Ahead of the USMNT’s World Cup Qualifier against St. Vincent and the Grenadines this afternoon, head coach Jürgen Klinsmann said he won’t compel his squad members to sing or otherwise observe the national anthem before kickoff.
The issue of athletes singing the Star-Spangled Banner has been a source of frothing rage online and in the sports media after San Francisco 49ers quarterback Colin Kaepernick refused to stand for the anthem before a preseason game last week. Kaepernick said he did so as a nonviolent protest against institutional racism generally and racist policing specifically. Because speaking out against racism is worse than racism, and because sports fans tend to have curious priorities, the backlash against Kaepernick’s peaceful and constitutionally-protected protest has grown to a fever pitch.
At his press conference, Klinsmann said that while he encourages players to sing as a show of pride for the country they represent, he would not force his players to do so.
”I understand everyone jumping into that discussion, and everyone has his own opinion, everyone has his own feelings when he listens to the national anthem. I wouldn’t force any player to do whatever, but I kind of asked them to enjoy this moment, to sing the anthem, to be thoughtful about who you represent.”
He also noted that his squad features several players, like Fabian Johnson and John Brooks, who spent much of their lives in Europe and don’t necessarily understand how big of a deal the national anthem is in the States. Klinsy said he makes an effort to help players connect with the anthem’s cultural significance and make the decision on their own to sing.
“Everybody builds a different connection to it, but I think it also needs a little bit of help. If you take John Brooks or Timmy Chandler, who didn’t grow up [in the US], born in Europe, they don’t have that connection to the American anthem like an American-born player here in the US. We handed it out. Sometimes we had the anthem in the meal room with a big text and a really cool design. I think it’s a cool feeling, and the players love it. And I’m not telling the players, ‘You have to sing it.’ Feel it in your own way. I sing it because I think it’s a gorgeous anthem.”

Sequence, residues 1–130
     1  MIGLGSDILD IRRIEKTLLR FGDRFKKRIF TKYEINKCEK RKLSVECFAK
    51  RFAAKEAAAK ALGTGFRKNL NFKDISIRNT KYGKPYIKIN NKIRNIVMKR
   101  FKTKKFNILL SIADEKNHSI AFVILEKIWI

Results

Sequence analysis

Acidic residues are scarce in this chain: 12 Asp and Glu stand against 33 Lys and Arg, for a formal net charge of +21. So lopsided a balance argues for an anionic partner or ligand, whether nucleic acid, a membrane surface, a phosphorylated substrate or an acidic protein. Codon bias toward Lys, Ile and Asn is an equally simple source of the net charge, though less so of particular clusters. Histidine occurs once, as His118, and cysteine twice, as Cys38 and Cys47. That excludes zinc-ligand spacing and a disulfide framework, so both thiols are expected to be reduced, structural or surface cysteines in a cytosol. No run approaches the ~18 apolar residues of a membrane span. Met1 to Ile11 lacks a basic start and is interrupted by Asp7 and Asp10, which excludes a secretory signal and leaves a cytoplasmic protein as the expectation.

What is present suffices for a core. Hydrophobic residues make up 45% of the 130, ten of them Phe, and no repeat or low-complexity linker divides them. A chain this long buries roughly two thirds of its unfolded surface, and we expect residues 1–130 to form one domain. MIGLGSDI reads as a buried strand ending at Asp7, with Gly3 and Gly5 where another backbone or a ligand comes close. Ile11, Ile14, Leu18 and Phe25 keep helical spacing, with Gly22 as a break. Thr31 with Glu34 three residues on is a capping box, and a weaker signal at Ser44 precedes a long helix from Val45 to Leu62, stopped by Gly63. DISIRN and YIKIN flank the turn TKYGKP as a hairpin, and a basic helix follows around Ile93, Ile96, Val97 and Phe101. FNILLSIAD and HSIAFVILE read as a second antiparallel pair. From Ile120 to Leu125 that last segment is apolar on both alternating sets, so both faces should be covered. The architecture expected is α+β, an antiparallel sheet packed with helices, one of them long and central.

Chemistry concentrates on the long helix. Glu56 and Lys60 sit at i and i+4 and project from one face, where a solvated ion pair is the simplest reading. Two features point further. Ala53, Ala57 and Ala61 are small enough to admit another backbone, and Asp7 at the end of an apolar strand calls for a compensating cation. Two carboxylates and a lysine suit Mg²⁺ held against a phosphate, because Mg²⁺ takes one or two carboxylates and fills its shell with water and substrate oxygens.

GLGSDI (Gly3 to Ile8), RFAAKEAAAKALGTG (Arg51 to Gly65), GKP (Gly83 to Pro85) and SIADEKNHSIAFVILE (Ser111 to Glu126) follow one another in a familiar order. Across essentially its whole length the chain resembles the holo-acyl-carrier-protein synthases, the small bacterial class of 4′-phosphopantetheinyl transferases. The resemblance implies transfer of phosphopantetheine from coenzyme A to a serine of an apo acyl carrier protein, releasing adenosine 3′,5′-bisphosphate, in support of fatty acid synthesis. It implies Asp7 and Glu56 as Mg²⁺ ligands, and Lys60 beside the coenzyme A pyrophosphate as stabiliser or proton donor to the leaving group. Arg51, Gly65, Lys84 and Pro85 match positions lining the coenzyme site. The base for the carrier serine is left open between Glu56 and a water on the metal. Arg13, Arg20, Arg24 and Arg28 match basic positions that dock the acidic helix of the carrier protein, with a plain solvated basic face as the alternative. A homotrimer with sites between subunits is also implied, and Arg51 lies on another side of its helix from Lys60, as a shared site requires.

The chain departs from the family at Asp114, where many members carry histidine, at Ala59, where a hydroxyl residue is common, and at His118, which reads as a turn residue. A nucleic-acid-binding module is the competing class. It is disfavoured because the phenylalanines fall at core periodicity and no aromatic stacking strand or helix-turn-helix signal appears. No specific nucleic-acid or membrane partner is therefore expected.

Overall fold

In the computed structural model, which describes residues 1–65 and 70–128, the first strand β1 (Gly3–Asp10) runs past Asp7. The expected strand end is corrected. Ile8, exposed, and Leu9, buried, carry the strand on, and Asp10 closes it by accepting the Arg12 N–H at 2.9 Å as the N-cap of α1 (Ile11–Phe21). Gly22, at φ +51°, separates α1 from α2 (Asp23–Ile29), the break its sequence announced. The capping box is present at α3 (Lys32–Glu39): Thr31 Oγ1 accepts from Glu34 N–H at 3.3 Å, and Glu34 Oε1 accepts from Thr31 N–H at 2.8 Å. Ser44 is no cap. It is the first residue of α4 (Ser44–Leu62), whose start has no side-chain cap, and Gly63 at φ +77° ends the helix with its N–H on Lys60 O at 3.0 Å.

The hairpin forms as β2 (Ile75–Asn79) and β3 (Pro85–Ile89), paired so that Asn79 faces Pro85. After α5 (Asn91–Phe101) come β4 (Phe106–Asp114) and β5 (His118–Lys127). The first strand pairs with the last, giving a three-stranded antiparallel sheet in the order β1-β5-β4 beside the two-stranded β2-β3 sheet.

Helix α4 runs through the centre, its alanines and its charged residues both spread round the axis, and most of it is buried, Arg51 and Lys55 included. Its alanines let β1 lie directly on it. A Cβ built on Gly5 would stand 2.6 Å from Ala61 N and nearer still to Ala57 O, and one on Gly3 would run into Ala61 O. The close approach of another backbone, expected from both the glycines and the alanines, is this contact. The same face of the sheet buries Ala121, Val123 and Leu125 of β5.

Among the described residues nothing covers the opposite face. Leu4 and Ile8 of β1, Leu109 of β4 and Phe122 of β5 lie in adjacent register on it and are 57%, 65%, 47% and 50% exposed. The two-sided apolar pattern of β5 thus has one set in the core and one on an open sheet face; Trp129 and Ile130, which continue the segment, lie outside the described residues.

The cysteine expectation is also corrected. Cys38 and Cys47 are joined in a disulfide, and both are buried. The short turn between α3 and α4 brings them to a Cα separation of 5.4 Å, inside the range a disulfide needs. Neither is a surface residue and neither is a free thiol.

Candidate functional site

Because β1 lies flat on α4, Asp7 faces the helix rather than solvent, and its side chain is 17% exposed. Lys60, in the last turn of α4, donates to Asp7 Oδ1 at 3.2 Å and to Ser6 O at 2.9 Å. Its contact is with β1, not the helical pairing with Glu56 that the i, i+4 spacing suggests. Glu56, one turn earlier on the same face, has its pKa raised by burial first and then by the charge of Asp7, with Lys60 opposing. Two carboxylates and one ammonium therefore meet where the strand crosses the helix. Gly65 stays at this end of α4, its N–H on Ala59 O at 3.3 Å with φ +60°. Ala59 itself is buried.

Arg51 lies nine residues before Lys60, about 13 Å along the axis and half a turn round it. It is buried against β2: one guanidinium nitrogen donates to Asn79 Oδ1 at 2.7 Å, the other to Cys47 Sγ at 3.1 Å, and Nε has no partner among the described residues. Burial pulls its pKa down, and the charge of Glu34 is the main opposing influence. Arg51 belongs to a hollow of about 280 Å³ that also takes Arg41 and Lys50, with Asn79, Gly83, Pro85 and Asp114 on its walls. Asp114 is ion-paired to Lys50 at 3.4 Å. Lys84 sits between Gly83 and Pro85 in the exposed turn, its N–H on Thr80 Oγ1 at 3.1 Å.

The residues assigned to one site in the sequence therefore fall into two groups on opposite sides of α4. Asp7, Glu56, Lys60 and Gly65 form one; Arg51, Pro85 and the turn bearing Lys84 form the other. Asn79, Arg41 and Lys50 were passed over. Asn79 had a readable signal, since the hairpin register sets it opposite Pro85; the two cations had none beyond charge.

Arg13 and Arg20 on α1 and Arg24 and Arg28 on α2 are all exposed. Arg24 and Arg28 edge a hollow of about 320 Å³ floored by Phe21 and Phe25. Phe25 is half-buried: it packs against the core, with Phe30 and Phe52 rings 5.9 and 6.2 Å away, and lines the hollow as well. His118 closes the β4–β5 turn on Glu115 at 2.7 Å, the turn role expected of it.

The issue of USMNT players specifically observing the anthem has come up in recent years. Toronto FC striker Jozy Altidore has faced criticism in the past over his refusal to sing before kickoff, something which his faith as a Jehovah’s Witness precludes. Altidore insisted he loves his country and is proud to represent it, but a small (and vocal) minority remains unconvinced.
The USA face off against St. Vincent and the Grenadines at 2:30pm EST today and wrap up the fourth round of the qualifying tournament on Tuesday against Trinidad and Tobago in Jacksonville, Florida. Group C is still competitive this late in the round and the USMNT will have to win both games to ensure a spot in the Hex. Yet it’s entirely possible the story of this game will focus on which players sing the anthem, because that’s just how the outrage cycle works these days.